William Shakespeare's Love's Labour's Lost in the complete original text.
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Love's Labour's Lost

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Act I. Scene II.

Scene II.—The Same.

Enter ARMADO and MOTH.

Arm. Boy, what sign is it when a man of
great spirit grows melancholy?
Moth. A great sign, sir, that he will look sad.
Arm. Why, sadness is one and the self-same
thing, dear imp.
Moth. No, no; O Lord, sir, no.
Arm. How canst thou part sadness and me-
lancholy, my tender juvenal?
Moth. By a familiar demonstration of the
working, my tough senior.
Arm. Why tough senior? why tough senior?
Moth. Why lender Juvenal? why tender juve-
Arm. I spoke it, tender juvenal, as a con-
gruent epitheton appertaining to thy young
days, which we may nominate tender.
Moth. And I, tough senior, as an appertinent
title to your old time, which we may name tough.
Arm. Pretty, and apt.
Moth. How mean you, sir? I pretty, and my
saying apt? or I apt, and my saying pretty?
Arm. Thou pretty, because little.
Moth. Little pretty, because little. Wherefore
Arm. And therefore apt, because quick.
Moth. Speak you this in my praise, master?
Arm. In thy condign praise.
Moth. I will praise an eel with the same
Arm. What! that an eel is ingenious?
Moth. That an eel is quick.
Arm. I do say thou art quick in answers:
thou heatest my blood.
Moth. I am answered, sir.
Arm. I love not to be crossed.
Moth. [Aside.] He speaks the mere contrary:
crosses love not him.
Arm. I have promised to study three years
with the duke.
Moth. You may do it in an hour, sir.
Arm. Impossible.
Moth. How many is one thrice told?
Arm. I am ill at reckoning; it fitteth the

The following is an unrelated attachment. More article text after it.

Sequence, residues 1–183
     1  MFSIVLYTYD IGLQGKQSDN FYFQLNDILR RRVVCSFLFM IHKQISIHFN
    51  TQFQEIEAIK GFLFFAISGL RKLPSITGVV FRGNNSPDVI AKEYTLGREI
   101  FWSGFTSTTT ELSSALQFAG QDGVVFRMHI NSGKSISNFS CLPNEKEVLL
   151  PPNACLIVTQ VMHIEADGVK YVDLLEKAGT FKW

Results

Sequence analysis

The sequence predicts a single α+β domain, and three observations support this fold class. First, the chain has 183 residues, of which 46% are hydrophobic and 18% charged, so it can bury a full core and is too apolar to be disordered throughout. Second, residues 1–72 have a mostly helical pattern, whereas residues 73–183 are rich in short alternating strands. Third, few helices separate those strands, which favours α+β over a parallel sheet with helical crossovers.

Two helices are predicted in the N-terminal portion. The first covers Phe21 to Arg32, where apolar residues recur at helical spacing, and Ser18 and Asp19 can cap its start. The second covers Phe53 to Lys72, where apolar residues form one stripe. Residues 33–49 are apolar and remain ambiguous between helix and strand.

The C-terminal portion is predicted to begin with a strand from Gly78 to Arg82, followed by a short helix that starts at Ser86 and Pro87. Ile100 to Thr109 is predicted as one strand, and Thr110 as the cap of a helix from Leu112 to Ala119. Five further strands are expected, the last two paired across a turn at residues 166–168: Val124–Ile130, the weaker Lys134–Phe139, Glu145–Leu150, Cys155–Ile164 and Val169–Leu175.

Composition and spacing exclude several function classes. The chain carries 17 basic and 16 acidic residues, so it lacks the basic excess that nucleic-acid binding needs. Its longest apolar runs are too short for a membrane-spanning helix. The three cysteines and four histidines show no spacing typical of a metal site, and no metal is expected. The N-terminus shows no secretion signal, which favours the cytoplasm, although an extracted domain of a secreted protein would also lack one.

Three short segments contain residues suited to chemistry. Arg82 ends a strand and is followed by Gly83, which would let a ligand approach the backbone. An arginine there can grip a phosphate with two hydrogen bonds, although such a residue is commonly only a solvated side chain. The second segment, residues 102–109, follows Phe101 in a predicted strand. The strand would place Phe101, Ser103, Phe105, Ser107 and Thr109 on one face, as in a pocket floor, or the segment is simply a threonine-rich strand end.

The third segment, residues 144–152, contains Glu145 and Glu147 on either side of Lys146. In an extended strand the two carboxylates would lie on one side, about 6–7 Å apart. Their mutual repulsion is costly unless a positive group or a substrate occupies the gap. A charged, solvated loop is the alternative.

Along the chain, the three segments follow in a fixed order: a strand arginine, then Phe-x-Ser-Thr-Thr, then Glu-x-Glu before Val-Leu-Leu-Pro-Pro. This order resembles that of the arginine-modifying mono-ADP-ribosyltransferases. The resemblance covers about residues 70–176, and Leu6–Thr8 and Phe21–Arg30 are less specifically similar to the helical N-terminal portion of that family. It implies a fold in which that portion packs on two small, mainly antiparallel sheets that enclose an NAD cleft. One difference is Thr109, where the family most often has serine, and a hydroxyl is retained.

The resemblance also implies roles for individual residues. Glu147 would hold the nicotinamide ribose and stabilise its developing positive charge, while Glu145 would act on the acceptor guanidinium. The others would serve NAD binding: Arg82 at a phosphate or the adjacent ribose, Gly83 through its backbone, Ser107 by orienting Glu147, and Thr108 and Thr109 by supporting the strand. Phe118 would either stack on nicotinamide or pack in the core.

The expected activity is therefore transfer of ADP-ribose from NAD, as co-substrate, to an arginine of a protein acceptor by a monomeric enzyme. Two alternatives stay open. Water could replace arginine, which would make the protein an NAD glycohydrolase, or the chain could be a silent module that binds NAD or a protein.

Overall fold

spirit of a tapster.
Moth. You are a gentleman and a gamester,
Arm. I confess both: they are both the var-
nish of a complete man.
Moth. Then, I am sure you know how much
the gross sum of deuce-ace amounts to.
Arm. It doth amount to one more than two
Moth. Which the base vulgar do call three.
Arm. True.
Moth. Why, sir, is this such a piece of study?
Now, here's three studied, ere you'll thrice wink;
and how easy it is to put 'years' to the word
'three,' and study three years in two words, the
dancing horse will tell you.
Arm. A most fine figure!
Moth. To prove you a cipher.
Arm. I will hereupon confess I am in love;
and as it is base for a soldier to love, so am I in
love with a base wench. If drawing my sword
against the humour of affection would deliver
me from the reprobate thought of it, I would
take Desire prisoner, and ransom him to any
French courtier for a new devised curtsy. I
think scorn to sigh: methinks I should out-
swear Cupid. Comfort me, boy: what great men
have been in love?
Moth. Hercules, master.
Arm. Most sweet Hercules! More authority,
dear hoy, name more; and, sweet my child, let
them be men of good repute and carriage.
Moth. Samson, master: he was a man of good
carriage, great carriage, for he carried the town-
gates on his back like a porter; and he was in love.
Arm. O well-knit Samson! strong-jointed
Samson! I do excel thee in my rapier as much as
thou didst me in carrying gates. I am in love
too. Who was Samson's love, my dear Moth?
Moth. A woman, master.
Arm. Of what complexion?
Moth. Of all the four, or the three, or the
two, or one of the four.
Arm. Tell me precisely of what complexion.
Moth. Of the sea-water green, sir.
Arm. Is that one of the four complexions?
Moth. As I have read, sir; and the best of
them too.
Arm. Green indeed is the colour of lovers;
but to have a love of that colour, methinks
Samson had small reason for it. He surely
affected her for her wit.
Moth. It was so, sir, for she had a green wit.
Arm. My love is most immaculate white and.